The NSW treasurer has revealed a $3.9 billion budget surplus and promised to use "the Holy Grail of numbers" to relieve cost-of-living pressures across the state.
Despite taking a big hit from reduced stamp duty revenue, the surplus for 2017/18 exceeded expectations by $600 million off the back of increased mining royalties and GST receipts.
Nine months out from the state election next March, Treasurer Dominic Perrottet on Tuesday promised the 2018/19 budget would help ease cost-of-living pressures for families while maintaining a record $87 billion infrastructure spend.
“Over the past 12 months, housing cooled more quickly than previously forecast,” the treasurer told NSW parliament.
“As a result, transfer duty revenues – 11 per cent of total revenue – will be $1 billion lower than we expected in last year’s budget and $5.5 billion lower in the three years to 2020/21.
“Despite this, our finances remain in excellent shape, because this government has laid foundations that are built to last.”
The treasurer’s message focused on the hip pocket but more than half of government expenditure is flowing to the transport portfolio next financial year including $4.3 billion for the Sydney Metro, the high-speed, driverless underground rail network system that’s under construction.
There’s a flagged $3 billion future “reservation” to begin the Metro West linking the CBD to Parramatta.
The controversial WestConnex motorway will receive $1.8 billion in 2018/19 while $258 million will kickstart the first stage of the Parramatta Light Rail.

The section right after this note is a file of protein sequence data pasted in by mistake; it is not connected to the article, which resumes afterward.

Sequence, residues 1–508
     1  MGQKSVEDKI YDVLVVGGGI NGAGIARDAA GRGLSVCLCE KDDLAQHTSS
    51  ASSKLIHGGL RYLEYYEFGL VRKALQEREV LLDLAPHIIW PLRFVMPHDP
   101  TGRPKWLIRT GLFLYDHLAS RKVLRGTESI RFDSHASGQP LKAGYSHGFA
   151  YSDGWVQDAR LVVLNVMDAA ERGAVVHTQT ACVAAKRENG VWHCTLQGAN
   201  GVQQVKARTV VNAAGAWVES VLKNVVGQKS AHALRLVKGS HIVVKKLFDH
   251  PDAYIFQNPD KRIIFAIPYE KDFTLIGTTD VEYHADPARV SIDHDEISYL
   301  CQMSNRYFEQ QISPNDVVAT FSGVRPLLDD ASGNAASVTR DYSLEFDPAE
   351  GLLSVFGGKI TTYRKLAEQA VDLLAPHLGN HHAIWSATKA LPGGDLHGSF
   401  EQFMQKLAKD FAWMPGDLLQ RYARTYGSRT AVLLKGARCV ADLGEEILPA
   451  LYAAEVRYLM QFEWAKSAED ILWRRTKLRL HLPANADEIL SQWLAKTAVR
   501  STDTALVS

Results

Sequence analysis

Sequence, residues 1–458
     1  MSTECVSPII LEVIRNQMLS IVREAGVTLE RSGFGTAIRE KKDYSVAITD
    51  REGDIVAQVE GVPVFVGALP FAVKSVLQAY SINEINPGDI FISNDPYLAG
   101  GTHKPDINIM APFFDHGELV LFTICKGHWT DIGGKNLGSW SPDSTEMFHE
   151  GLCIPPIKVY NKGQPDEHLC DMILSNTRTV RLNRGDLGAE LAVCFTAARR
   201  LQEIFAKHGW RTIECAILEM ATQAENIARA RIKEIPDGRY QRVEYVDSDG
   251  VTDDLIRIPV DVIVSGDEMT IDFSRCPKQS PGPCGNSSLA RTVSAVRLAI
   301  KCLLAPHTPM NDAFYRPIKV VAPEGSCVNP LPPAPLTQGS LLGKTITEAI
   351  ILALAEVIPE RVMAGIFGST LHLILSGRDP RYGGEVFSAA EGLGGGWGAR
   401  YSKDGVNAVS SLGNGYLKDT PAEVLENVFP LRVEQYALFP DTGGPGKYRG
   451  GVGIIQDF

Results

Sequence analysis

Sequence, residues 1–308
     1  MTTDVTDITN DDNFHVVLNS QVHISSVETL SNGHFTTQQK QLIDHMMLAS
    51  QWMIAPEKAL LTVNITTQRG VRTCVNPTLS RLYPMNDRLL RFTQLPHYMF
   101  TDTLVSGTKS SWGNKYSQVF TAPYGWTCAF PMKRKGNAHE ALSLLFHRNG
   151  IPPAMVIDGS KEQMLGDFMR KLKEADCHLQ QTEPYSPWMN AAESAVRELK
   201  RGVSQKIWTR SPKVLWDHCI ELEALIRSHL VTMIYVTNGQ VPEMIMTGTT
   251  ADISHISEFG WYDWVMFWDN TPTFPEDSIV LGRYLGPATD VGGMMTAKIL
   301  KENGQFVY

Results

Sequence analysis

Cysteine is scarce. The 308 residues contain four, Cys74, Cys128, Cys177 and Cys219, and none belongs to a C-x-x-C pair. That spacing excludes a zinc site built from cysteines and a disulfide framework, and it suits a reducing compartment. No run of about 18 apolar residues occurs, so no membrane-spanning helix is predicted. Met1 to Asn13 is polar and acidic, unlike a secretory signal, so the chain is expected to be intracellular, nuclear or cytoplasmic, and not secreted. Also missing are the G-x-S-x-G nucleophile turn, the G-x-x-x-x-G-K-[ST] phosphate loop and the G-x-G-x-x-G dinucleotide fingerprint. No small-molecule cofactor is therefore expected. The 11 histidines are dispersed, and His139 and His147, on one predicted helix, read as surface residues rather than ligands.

In total, the coalition government will spend $51 billion on road and rail over the next four years.
Despite lacking any big ticket items for struggling families, the government has extended subsidies for three-year-olds attending preschool, saving parents an average $825 per year.
It has also cut certain parking fines and streamlined Service NSW which it says will help residents to find the best energy deals.
“This is a budget that puts people first, it builds for tomorrow and delivers for today,” Mr Perrottet told reporters.
Wage growth was stagnant at two per cent in 2017/18 and it is predicted to rise marginally to 2.5 per cent next financial year.
A $740 million upgrade to Liverpool Hospital headlines health spending with the government committing $8 billion over four years on upgrades and new facilities.
Some $17 billion will be spent on education in 2018/19 while $6 billion will be committed over four years to address a big increase in enrolments.
A sovereign wealth fund will also be created next year, starting with $3 billion, with 50 per cent of the interest generated each year going toward community projects.
To help pay for promises, government agencies will need to find an extra $1.6 billion in savings over four years, with the annual efficiency dividend to rise from two to three per cent.